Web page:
Although Capitein was not a sex slave, the skull holotype which Blumenbach used to illustrate his Ethiopian racial variety came from a Guinean-born female “concubine of a Dutchman [Batavi cujusdam concubinae]” (Blumenbach 1769, 326; Bendyshe 1865, 162). Blumenbach’s use of the word “concubine” to describe the Woman of Guinea – who died in Amsterdam – suggests that she may have been a prostitute. However, it was not uncommon for Dutch sailors to marry former prostitutes they met overseas (Boxer 1957, 128-130). The fact that a Dutchman had paid to sail this Guinean woman to his homeland suggests that she had become his wife. As of 1795, Blumenbach’s collection included six adult skulls with jaws that he regarded as belonging to his Ethiopian racial variety. Four of them, as drawn in detail in Decades I-III, were missing multiple teeth (Decades IDs 1-6, 1-7, 2-17, and 2-18 all generically described as “Ethiopian [Aethiopum or Aethiopis]”.) Blumenbach had two remaining skulls in good condition, and instead of choosing a male skull (ID 1-8, an “Ethiopian [Aethiopum]”), he selected the Woman of Guinea (ID 2-19, a “Guinean [Guineensis]”). She, like the Woman of Georgia, was reportedly a sex slave displaced from her native land.
There is no evidence that Blumenbach regarded either Ghanaians or Guineans as nationalities that were traditionally celebrated for their beauty, like Caucasus Mountaineers and Calmuck Mongols. Nonetheless, Blumenbach was of the opinion that West Africans could be beautiful, even by European standards. Thus, there is the possibility that he regarded the concubine Woman of Guinea as possessing a beauty that paralleled the harem girls from the Caucasus Mountains or Mongolia.
Blumenbach was quite open in stating that West African women had the same potential for beauty as European women. In 1787, he published a paper describing a visit to Yverdun, Switzerland, in which he detailed (with my bold) how he entered the courtyard of a friend’s house and:
“I saw only a woman, standing with her back towards me, whose elegant form attracted my notice. But how much was I surprised, when on accosting her she turned round, to find a Negress… Her face was such, that even the nose, and somewhat thicker lips, had nothing peculiar, certainly nothing unpleasant in their appearance; and had the same features occurred in a white skin, they would have excited very general admiration. [doch sogar nichts auffallendes, geschweige denn unangenehmes hatte, dass die gleichen Züge bey einer weissen Haut gewiss allgemein gefallen haben müssten.] To this were added, the most sprightly and cheerful vivacity, a sound judgment, and as I afterwards discovered, peculiar knowledge and skill in midwifery. The pretty Negress of Yverdun [lieben hübsche Negresse von Yverdun] is widely celebrated as the best midwife in that part of Switzerland” (Blumenbach/Trans. Anonymous 1799, 141; Blumenbach 1787, 3).
This woman was Pauline Hippolyte Buisson, who was born in West Africa. After being enslaved on Santa Domingo, she eventually lived as a free resident of Switzerland (Debrunner 1979, 142-143). According to Armistead (1848, 44), Blumenbach described Buisson (with my bold) as having “countenance, of which no part, not even the nose, and rather strongly marked lips, were very striking, much less, displeasing: the same features, with an European complexion would certainly have been generally agreeable”. Bachman (1850, 165-166) also concluded that Blumenbach’s report of meeting Buisson was evidence that Blumenbach found West Africans to be aesthetically pleasing people. Unfortunately, Bendyshe (1865, 307) mistranslated Blumenbach’s description of Buisson so that it read “if one could have set aside the disagreeable skin, the same features with a white skin would have been universally pleased (sic)”. Citing Bendyshe’s poor translation, Dain (2002, 61) wrote that Blumenbach “found black skin repugnant”. Yet again, Bendyshe errors have proved to be problematic.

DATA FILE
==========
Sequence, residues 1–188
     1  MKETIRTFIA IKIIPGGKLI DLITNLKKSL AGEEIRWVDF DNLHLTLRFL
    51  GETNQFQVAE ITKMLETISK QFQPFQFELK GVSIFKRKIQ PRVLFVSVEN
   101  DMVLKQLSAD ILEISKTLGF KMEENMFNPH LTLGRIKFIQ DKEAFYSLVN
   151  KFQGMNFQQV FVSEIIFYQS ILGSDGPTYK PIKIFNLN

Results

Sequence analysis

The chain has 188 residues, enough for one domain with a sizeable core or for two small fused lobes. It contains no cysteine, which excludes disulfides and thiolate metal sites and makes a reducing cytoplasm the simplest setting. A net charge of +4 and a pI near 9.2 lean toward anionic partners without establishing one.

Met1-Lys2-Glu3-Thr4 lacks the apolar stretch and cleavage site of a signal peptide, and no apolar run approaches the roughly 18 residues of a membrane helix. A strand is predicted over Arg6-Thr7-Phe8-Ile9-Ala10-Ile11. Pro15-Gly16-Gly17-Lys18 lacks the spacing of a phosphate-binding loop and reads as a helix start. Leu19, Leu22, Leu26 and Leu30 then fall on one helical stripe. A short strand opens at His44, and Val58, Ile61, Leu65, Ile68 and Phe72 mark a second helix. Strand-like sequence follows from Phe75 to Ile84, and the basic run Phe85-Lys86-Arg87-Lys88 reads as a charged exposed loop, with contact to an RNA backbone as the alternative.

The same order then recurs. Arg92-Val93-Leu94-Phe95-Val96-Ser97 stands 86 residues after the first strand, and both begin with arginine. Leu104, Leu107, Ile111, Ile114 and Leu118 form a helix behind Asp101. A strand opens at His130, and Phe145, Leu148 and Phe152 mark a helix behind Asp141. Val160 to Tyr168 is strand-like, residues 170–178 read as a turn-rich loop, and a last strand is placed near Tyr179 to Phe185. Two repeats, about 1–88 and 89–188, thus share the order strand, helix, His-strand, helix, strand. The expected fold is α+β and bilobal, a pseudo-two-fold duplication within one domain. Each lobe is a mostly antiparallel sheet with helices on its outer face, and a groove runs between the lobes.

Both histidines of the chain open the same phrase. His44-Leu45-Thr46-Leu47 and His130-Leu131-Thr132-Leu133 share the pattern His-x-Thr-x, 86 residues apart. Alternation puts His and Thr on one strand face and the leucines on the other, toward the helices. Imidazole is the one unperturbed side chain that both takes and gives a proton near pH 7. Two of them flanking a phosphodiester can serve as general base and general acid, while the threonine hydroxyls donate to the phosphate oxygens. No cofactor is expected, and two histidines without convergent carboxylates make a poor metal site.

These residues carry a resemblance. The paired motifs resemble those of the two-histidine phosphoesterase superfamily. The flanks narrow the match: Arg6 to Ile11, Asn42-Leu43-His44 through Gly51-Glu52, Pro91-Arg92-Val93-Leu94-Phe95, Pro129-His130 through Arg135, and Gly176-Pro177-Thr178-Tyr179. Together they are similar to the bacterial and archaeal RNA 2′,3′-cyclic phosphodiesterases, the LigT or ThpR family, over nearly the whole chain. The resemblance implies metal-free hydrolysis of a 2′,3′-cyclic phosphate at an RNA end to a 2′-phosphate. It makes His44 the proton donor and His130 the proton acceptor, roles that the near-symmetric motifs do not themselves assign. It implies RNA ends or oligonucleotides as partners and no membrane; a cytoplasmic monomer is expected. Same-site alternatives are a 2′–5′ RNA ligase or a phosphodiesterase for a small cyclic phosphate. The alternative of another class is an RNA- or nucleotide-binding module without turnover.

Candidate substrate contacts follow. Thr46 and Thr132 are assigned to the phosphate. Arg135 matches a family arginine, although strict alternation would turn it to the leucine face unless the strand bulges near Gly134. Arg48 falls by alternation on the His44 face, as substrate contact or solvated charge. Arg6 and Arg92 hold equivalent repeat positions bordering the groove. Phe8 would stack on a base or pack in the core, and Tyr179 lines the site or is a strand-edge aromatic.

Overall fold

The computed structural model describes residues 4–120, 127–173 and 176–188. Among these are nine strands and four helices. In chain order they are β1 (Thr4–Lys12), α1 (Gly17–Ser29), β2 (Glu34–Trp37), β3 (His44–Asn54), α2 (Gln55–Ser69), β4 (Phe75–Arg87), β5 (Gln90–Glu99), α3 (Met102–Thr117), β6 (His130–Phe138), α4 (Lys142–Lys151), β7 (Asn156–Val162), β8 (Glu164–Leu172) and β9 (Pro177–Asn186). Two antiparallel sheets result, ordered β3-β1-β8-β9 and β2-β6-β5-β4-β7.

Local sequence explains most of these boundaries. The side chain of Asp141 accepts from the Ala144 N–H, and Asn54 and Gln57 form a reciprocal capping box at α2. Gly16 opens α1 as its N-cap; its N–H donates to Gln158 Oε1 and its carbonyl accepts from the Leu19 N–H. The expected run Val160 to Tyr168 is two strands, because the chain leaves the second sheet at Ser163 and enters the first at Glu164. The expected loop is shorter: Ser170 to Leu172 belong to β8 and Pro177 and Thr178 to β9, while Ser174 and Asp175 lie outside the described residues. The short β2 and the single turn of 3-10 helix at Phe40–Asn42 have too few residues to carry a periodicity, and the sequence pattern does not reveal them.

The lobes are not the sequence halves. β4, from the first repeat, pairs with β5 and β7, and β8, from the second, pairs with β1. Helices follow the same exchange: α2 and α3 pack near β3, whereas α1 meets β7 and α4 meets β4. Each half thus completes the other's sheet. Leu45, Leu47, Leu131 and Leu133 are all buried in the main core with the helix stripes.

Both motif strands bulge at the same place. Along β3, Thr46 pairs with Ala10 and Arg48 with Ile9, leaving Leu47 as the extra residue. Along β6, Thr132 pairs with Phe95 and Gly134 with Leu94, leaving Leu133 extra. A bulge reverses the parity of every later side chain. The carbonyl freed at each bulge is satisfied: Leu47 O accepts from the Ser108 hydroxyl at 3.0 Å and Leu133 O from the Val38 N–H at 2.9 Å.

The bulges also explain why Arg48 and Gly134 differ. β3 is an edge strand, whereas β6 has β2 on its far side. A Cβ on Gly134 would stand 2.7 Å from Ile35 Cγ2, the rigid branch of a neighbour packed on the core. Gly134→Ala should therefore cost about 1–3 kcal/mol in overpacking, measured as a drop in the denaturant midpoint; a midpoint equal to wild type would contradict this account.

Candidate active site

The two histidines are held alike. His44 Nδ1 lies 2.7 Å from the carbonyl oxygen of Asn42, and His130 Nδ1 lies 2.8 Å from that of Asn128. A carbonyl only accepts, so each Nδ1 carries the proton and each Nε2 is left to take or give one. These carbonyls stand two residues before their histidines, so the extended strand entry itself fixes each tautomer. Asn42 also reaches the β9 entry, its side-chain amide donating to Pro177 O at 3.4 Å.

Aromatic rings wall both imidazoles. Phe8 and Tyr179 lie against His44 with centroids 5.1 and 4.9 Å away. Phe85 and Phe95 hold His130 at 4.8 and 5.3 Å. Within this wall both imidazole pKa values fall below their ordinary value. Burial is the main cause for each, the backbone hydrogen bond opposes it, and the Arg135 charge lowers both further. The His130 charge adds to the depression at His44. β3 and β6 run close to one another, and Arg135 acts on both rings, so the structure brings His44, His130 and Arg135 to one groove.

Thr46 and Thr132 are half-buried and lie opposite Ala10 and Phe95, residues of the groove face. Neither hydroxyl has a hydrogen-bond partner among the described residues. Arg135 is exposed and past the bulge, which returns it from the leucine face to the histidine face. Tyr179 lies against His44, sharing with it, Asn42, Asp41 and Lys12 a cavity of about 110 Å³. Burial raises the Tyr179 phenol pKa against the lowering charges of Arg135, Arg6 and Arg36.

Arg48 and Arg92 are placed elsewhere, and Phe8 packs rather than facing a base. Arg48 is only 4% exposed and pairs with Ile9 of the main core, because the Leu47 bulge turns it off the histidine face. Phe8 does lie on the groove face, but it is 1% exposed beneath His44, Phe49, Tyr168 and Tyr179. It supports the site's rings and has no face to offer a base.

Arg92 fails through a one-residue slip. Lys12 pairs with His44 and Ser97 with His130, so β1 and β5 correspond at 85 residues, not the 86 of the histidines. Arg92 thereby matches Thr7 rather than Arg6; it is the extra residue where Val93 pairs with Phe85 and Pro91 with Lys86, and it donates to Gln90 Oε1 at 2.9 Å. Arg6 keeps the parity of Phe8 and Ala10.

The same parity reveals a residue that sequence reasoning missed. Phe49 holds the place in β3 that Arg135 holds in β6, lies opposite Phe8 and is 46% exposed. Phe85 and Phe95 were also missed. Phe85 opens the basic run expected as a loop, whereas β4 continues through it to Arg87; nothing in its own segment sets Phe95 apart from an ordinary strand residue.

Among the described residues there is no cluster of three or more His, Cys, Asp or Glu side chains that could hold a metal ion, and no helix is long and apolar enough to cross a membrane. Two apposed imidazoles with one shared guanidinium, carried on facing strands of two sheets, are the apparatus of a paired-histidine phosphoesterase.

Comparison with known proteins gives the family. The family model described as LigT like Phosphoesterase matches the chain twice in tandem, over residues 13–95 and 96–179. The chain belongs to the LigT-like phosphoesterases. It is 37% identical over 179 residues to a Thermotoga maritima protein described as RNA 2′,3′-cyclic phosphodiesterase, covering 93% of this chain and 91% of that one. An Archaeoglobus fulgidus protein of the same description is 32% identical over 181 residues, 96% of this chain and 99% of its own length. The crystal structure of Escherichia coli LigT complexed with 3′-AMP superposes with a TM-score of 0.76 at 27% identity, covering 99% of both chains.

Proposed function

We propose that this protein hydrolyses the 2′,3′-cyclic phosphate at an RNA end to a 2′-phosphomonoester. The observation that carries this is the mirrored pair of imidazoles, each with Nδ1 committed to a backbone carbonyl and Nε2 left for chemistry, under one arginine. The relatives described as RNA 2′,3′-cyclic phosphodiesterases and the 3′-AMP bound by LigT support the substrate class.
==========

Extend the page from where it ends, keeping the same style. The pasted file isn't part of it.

Blumenbach presented displaced slaves as key illustrations when discussing his Ethiopian racial variety, just as he did when discussing his Caucasian and Mongolian racial varieties. Thus, there is a pattern in which Blumenbach repeatedly presents the practice of slavery as in-the-field evidence supporting his theory of environmentalism. His message is that West African slaves, individually and as a group, possess an inherent potential to be intellectually advanced, just like lowly Caucasus Mountaineer and Calmuck Mongol slaves. Far from ranking one racial variety above all others, Blumenbach was demonstrating that they all possessed naturally engendered similarities and an equal potential for achievement.
Case studies of culturally displaced Americans and Pacific Islanders
Blumenbach’s case studies for his American and Malay racial varieties continued his pattern of highlighting individuals who found success in cultures into which they were not born. His Malay case study was Omia, also called Mia or O’Mia (Blumenbach 1796, (22)). Omia found fame in Europe after sailing from his native Tahiti to Britain with Captain Cook’s flotilla. Omia charmed King George III and London society with his exotic ways, his politeness, and his intelligent, inquisitive manner. He later returned to Tahiti, but died before the age of thirty of an infectious disease (Connaughton 2007, xv-xvii). Omia was not a slave. Although Tahitian society was highly stratified by class, it was not a slave culture. Nor were the Tahitians an enslaved people (Rodriguez 1997, 645).
As of 1795, Blumenbach’s collection included only two skulls that he regarded as members of his Malay racial variety. As the detailed drawings in Decades I-III indicate, both Malay skulls were missing many teeth. Blumenbach (1795, (14)) selected an anonymous Tahitian (Decades ID 3-26, a “Tahitian [Otaheitae]”) thus matching Omia’s ethnicity. The skull that Blumenbach did not select was a native Australian (ID 3-27, a “New Hollander [Novo-Hollandi]”).
The case study Blumenbach used for his American racial variety was Thayendanegea [or “Tayadaneega”], also called Joseph Brant. He was born in Ohio to Christian Mohawk parents, and educated in Connecticut at a school later known as Dartmouth College (Kelsay 1984, 40 and 72). In 1775, he travelled to England and met with King George III (Kelsay 1984, 165). Thayendanegea fought for the Crown against Gen. Washington’s Army, and in 1780 became a commissioned officer in the British Army (Kelsay 1984, 290). Decades later, Thayendanegea met with President Washington to discuss U. S. relations with native nations (Kelsay 1984, 470).